Thursday, 30 September 2010

FBI arrests more than 80 cyber criminals after computer virus siphons $3m from U.S. accounts

More than 80 people have been charged in connection with $3million being stolen from American bank accounts by hackers in eastern Europe.

The con artists used computer viruses to steal user names and passwords from unsuspecting victims, and then used the information to siphon off money from their accounts.

Foreign students were used in the heist to open up bank accounts in the U.S., which  were then used to transfer money that had been stolen in the cyber-theft scheme.

Dozens charged in international $3million computer virus scam
Vulnerable: Hundreds of unsuspecting computer users were targeted in a cyber theft scheme that raided $3million from bank accounts using Trojan viruses

In court papers unsealed in the U.S. District Court in Manhattan, 37 offenders were charged with their roles in hacking into dozens of victims' accounts.

Charges included conspiracy to commit bank fraud, money laundering, false identification use and passport fraud.

Fifty-five others have been charged after a year-long investigation by the FBI.

Attorney Preet Bharara compared cyber criminals to classic bank robbers, saying: 'The mouse and the keyboard can be far more effective than the gun and the mask..
Mr Bharara revealed that the victims of the attacks included five banks and dozens of individuals across America.

Ten people were arrested early today - nine in the New York area and one in Pittsburgh. The others had already been arrested with at least 17 being fugitives.

The FBI said the cyber attacks included malware known as the Zues Trojan, which was typically sent as an email to computers at small businesses and offices.

Once the email's attachment was opened, the virus embedded itself in the victims' computers to secretly monitor their computer activity.

The virus recorded their keystrokes and captured their user names and passwords when they next logged into their online bank accounts.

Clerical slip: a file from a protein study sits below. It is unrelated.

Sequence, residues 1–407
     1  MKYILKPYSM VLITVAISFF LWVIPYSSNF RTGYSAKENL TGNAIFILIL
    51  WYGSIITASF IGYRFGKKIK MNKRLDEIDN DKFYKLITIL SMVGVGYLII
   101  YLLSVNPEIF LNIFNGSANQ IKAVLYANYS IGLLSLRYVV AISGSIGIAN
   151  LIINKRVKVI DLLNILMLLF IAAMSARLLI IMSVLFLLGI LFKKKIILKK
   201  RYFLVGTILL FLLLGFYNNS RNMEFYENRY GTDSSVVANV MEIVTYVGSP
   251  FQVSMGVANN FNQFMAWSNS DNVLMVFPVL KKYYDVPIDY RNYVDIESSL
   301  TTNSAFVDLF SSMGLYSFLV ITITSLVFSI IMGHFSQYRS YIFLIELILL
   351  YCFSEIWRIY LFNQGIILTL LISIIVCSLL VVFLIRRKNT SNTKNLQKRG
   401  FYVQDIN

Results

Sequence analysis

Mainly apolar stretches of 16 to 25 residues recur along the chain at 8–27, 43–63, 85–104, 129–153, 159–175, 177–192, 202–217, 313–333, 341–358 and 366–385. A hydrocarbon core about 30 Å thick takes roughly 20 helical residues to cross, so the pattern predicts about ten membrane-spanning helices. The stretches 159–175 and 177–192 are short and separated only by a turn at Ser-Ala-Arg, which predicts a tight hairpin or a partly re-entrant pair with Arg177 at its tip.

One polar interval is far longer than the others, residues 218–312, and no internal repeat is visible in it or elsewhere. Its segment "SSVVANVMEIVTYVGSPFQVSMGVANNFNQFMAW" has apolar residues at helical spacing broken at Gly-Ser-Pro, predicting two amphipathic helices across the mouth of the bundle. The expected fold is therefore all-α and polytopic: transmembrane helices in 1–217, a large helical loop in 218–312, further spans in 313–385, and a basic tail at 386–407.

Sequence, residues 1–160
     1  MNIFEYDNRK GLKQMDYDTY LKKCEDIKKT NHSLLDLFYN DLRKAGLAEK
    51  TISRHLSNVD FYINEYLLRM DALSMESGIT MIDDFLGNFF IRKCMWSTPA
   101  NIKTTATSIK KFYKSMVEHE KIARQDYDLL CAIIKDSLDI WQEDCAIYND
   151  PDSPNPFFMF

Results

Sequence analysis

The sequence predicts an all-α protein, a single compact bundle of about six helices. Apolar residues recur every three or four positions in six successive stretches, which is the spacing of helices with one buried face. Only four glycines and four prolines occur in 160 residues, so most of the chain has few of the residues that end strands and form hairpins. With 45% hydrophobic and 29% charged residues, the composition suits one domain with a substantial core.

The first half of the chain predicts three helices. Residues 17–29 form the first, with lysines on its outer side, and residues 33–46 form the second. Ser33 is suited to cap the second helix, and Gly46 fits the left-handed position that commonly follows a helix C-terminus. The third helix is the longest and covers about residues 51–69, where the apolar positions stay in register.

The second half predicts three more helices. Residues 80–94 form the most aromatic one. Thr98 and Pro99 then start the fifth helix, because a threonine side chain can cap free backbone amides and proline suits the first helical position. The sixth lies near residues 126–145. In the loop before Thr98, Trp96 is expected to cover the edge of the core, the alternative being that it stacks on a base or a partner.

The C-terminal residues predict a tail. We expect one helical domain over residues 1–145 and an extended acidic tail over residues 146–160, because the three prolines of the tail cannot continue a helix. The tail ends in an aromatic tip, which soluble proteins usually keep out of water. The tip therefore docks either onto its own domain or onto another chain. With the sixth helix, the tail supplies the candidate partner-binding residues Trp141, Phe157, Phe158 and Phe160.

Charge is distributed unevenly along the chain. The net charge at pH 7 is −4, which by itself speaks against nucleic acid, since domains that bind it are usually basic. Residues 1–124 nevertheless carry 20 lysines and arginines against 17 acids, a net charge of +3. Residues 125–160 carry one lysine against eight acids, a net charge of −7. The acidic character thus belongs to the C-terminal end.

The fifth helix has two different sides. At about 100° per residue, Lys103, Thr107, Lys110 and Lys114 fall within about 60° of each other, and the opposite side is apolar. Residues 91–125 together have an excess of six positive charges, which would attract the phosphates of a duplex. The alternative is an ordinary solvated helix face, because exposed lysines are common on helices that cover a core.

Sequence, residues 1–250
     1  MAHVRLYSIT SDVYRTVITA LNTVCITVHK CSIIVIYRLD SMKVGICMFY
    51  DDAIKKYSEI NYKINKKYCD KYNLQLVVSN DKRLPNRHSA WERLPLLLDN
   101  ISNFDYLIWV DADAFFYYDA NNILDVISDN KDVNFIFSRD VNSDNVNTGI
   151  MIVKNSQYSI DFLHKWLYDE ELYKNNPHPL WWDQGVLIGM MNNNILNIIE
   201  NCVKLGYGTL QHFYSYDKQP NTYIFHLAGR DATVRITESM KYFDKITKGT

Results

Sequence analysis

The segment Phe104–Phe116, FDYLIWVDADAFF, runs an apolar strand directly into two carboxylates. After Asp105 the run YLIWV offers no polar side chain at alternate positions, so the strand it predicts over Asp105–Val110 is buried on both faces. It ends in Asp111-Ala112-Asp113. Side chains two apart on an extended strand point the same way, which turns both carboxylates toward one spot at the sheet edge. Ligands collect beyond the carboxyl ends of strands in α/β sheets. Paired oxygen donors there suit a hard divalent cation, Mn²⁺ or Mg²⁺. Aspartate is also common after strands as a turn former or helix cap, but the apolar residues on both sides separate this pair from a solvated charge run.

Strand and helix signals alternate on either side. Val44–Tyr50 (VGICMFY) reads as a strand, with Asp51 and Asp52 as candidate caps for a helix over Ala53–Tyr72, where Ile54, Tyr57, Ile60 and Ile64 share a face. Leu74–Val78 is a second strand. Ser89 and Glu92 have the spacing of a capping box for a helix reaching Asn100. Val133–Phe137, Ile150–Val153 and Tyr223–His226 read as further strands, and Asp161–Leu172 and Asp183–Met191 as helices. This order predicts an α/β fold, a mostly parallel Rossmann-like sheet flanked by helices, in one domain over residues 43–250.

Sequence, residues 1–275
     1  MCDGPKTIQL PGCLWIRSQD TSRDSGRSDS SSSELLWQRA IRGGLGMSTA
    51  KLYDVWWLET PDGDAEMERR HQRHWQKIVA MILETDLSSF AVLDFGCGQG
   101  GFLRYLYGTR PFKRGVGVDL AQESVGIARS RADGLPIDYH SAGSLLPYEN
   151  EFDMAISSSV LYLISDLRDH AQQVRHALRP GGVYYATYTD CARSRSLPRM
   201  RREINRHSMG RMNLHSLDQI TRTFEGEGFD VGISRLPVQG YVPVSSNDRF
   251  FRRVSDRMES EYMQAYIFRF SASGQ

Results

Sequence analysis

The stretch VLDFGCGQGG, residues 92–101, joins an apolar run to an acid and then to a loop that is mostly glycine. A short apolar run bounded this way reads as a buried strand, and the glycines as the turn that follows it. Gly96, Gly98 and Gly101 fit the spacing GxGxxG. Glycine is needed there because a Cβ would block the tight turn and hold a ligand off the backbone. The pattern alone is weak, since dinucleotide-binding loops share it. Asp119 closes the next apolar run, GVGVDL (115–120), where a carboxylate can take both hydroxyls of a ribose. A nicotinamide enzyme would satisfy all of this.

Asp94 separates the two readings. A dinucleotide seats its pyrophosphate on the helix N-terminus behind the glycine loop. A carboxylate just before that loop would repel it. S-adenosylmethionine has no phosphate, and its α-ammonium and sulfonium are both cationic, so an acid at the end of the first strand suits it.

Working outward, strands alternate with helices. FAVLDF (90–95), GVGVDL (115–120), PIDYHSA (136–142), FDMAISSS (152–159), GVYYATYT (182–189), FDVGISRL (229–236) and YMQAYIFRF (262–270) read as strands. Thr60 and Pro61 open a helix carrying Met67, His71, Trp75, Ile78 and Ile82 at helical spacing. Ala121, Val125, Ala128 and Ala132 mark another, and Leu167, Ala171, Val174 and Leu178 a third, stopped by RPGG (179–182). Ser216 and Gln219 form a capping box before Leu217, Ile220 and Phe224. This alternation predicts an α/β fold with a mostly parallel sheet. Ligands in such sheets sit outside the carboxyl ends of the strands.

The Trojan program also stole passwords for email log-ins and social networking websites that ordinarily only the user would know.
Individuals known as 'money mules' were used in the States to actually steal the money from individual accounts.

Mr Bharara said those arrested consisted almost entirely of mules and four people who managed them.

'The Zeus Trojan allegedly allowed the hackers, from thousands of miles away, to get their hands on other people's money - with far less exertion than a safe cracker or bank robber'

New York District Attorney Cyrus Vance said people from Russia, Ukraine, Kazakhstan and Belarus had come to the States on student visas.

They were then recruited through social networking sites and newspaper ads to fraudulently open hundreds of bank accounts.

The money stolen from the victims would then be deposited into those illegal accounts and transferred in smaller amounts elsewhere.
Authorities said those who actually set up the bank accounts would keep up to ten per cent for themselves, sending the rest to those higher up in the scheme.

Mr Vance said: 'This advanced cyber crime ring is a disturbing example of organised crime in the 21st century - high-tech and widespread.'

Gregory Antenson, commanding officer of the city police department's Financial Crimes Task Force, said the police had shown up at a bank in the Bronx in February to investigate a suspicious $44,000 withdrawal.
This investigation then led them into the international probe that was already under way.
Janice K. Fedarcyk, assistant director in charge of the FBI's New York office, said: 'The Zeus Trojan allegedly allowed the hackers, from thousands of miles away, to get their hands on other people's money - with far less exertion than a safe cracker or bank robber'.


Source:www.dailymail.co.uk